One of the biggest astronomical finds of the past few years is in question as new evidence shows no signs of large amounts of water on Mars.
When NASA announced the discovery of larger amounts of liquid water on Mars in 2015, hopes were significantly raised that we could one day soon find evidence of life on Earth’s neighbour.
However, what was once a major scientific breakthrough may have been false hope, according to a new study published in Nature Geoscience by the US Geological Survey (USGS).
Working with the University of Arizona, Durham University and the Planetary Science Institute, the USGS research team has now identified these apparent signs of liquid as granular flows of sand and dust.
The team came to this conclusion by analysing the dark, narrow, down-slope-trending surface features – referred to as recurring slope lineae (RSL) – mostly found on steep, rocky slopes in dark regions of Mars.
Darker than their surrounding areas, RSL (for all intents and purposes) appear as liquid water, but looks can be deceiving.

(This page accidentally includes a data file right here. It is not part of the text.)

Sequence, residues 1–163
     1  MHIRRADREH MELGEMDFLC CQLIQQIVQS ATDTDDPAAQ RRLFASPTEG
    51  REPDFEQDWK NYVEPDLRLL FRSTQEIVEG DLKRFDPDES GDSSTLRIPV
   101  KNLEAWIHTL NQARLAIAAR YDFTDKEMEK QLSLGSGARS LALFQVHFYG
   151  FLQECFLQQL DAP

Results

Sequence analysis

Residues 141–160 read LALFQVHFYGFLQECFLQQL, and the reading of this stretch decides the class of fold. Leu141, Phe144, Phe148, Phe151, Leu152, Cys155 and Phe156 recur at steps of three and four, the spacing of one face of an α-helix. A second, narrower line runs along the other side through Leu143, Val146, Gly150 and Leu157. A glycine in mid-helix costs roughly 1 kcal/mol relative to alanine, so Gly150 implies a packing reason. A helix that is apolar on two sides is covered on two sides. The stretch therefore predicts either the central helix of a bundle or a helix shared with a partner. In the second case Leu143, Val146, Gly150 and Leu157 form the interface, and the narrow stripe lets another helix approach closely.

Despite our understanding of how RSL form being limited, they were identified in this instance because they are identical to the slopes of sand dunes where movement is caused by dry granular flows.
Mars is very dry
Water can be ruled out because it would require the volume of liquid to correspond to the length of slope available, producing more liquid on longer slopes.
However, all of the 151 RSL examined in the study were found to end on similar slopes, despite very different lengths.
On top of that, if water were present, it would surely appear on the lower slopes, rather than just near the top.
“We’ve thought of RSL as possible liquid water flows, but the slopes are more like what we expect for dry sand,” said USGS scientist and lead author Colin Dundas.
“This new understanding of RSL supports other evidence that shows that Mars today is very dry.”
The research team hasn’t dashed all hopes of water being present however, as this discovery may be limited to traces of dissolved moisture from the atmosphere and thin films of water.